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Board tenure: some thoughts

Is it fruitful to refresh a board only because directors have been at the job for more than a certain number of years? What criteria or rules should govern this approach to structure a board?

The (Canadian) Institute of Corporate Directors tries to shed light on the matter, outlining the two main factors usually brought forward by term limits proponents: (1)

  • First, boards would automatically renew their composition, in experience, skills, and also fresh ideas. This is at the base of activism, proxy advisors, and academics` pressure.
  • Second, independence is questioned when a director has been at the job for too long, (in France a director is not any more considered independent after 12 years in the job, and in the UK the company needs to explain why he/she is still independent beyond 9 years).

The ICD proposes though, that boards should not be forced by term limits regulation to automatically renew themselves; instead, they should use an auto-evaluation approach, out of which conversations with failing directors would take place, and also skills and experience renewal if needed. A term limit shouldn`t turn into a right to stay until the end. These evaluations would imply the use of skill matrices or similar tools, (see our post here (2)), the analysis of behavioral competencies; they could be both global or individual, and would help to improve the structure and dynamics of boards much better than term limits, even if voluntarily adopted by firms.

The State Street Global Advisors evaluated in 2014 its investee companies, in relation to board tenure, with the assumption that board tenure boards would not be able to refresh skills and industry expertise (at least not without increasing the board size), (3). Nevertheless, their policy only pursues to encourage long tenure boards to enhance their succession plans and to avoid tenured directors to lead or be members in the main “independent” committees, together with declassifying, (USA mainly).

Richard Leblanc exposed it differently in a September 2013 article, (4): he suggested directors could have a fiduciary duty to leave when their continued presence in the board could be considered not any more in the comnpany`s interest, but in his own.

On the other hand, (5) David Katz and Laura McIntosh published an article where they supported long tenure as an asset for the company, and their view that long tenure was not an obstacle to more diversity in the board, (both raising retirement ages and longer tenures had been coetaneous with the increase in diversity). They insist that the best positioned to judge whether directors are serving for too long periods is the board itself. They push for annual evaluations and self-assesments i order for boards to be capable of doing it. Which takes us to our starting point with the ICD, (1).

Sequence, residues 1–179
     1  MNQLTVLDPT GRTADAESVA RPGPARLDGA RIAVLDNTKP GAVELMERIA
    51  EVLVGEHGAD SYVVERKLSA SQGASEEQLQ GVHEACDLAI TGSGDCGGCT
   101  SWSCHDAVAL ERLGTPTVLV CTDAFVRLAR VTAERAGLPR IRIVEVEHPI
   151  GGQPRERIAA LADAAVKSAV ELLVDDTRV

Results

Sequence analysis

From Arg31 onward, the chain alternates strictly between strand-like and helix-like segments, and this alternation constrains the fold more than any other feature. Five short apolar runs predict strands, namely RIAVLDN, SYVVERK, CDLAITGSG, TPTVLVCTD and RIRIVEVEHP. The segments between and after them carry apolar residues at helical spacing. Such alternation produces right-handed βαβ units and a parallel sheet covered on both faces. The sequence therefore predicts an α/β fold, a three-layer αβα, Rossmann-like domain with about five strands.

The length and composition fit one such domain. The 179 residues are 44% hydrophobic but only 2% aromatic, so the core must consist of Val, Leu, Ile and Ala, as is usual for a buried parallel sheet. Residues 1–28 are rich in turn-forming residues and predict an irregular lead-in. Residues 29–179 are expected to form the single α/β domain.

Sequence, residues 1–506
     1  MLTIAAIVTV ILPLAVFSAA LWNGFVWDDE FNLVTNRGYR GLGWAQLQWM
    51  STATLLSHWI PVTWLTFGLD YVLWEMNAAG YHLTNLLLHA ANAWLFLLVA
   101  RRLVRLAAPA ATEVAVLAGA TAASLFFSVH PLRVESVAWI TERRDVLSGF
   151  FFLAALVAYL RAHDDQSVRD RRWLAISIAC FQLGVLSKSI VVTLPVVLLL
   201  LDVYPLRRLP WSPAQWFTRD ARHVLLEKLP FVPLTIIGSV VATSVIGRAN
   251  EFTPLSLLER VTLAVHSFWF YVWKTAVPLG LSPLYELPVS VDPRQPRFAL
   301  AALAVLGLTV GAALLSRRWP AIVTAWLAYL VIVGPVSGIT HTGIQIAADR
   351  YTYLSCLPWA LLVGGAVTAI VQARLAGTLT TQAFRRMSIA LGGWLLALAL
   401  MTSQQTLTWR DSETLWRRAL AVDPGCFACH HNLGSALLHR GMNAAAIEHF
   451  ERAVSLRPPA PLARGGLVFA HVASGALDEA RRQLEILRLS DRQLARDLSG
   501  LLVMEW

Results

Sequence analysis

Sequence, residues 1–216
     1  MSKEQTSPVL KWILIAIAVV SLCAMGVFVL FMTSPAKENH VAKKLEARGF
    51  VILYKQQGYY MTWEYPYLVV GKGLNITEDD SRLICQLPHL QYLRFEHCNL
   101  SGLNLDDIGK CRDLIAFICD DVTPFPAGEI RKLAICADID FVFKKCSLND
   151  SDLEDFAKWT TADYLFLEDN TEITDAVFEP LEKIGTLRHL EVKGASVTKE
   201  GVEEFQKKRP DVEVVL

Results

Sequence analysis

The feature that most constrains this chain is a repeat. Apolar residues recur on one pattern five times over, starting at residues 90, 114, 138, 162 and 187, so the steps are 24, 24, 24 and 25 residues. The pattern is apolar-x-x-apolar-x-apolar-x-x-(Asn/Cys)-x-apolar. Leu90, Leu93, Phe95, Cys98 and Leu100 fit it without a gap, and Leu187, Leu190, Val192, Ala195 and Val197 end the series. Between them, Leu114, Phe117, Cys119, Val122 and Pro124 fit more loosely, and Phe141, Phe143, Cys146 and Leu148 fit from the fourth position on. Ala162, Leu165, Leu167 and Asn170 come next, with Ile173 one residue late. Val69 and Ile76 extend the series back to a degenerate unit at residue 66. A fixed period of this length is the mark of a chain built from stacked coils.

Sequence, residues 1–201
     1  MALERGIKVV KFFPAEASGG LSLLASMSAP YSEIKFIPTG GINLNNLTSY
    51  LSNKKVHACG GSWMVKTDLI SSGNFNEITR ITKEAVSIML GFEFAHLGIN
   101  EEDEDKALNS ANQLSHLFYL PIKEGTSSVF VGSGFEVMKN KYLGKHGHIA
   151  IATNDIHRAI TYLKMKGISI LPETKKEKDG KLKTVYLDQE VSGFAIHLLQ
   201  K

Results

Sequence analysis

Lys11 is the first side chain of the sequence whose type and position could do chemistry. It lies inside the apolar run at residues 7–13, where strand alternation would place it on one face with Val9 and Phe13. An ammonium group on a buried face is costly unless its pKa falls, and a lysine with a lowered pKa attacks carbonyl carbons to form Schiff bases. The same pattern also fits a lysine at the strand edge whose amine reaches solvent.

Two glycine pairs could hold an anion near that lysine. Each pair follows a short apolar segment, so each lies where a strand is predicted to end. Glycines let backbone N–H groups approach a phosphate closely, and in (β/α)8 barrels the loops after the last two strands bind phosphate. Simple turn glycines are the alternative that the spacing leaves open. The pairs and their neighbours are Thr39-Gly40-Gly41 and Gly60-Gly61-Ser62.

AS for the academic studies on boards tenure, Katz and McIntosh refer to a number of them, but I will include here a reference to Sterling Huang`s “ Zombie Boards: Board Tenure and Firm Performance”, (6) where he argues that the firm value function depends non-linearly from board tenure, so that an increase in long tenure has a positive effect on firm value, (learning curve, no isolation risk, etc), until a point from which entrenchment has a prevalent strength and curbs the declining learning effect. The study finds nine years is the optimal average tenure when firm value is analysed.

I guess the topic will continue to be one of the main in the debate around boards and corporate governance, which we welcome, as it is always certainly a passionate theme.

  1. See http://www.icd.ca/getmedia/e57f3478-2b5c-4f14-aad4-5aa8d6a7298d/15-1889-Beyond_Term_Limits_EN_Final.pdf.aspx, and http://blogs.law.harvard.edu/corpgov/2015/02/13/beyond-term-limits-using-performance-management-to-guide-board-renewal/.
  2. https://joaquinbarquero.wordpress.com/2014/07/21/directors-selection-and-recruitment-the-matrix-of-skills/
  3. See http://blogs.law.harvard.edu/corpgov/2014/05/25/board-refreshment-and-director-succession-in-investee-companies/, and “ Addressing the Need for Board Refreshment and Director Succession in Investee Companies “ by Rakhi Jumar.
  4. http://boardexpert.com/when-does-it-become-unethical-for-a-director-to-continue-to-serve/
  5. http://www.wlrk.com/webdocs/wlrknew/AttorneyPubs/WLRK.23346.14.pdf
  6. http://blogs.law.harvard.edu/corpgov/?s=board+tenure&submit=Go and Huang, Sterling, Zombie Boards: Board Tenure and Firm Performance (July 29, 2013). Available at SSRN: http://ssrn.com/abstract=2302917 or http://dx.doi.org/10.2139/ssrn.2302917
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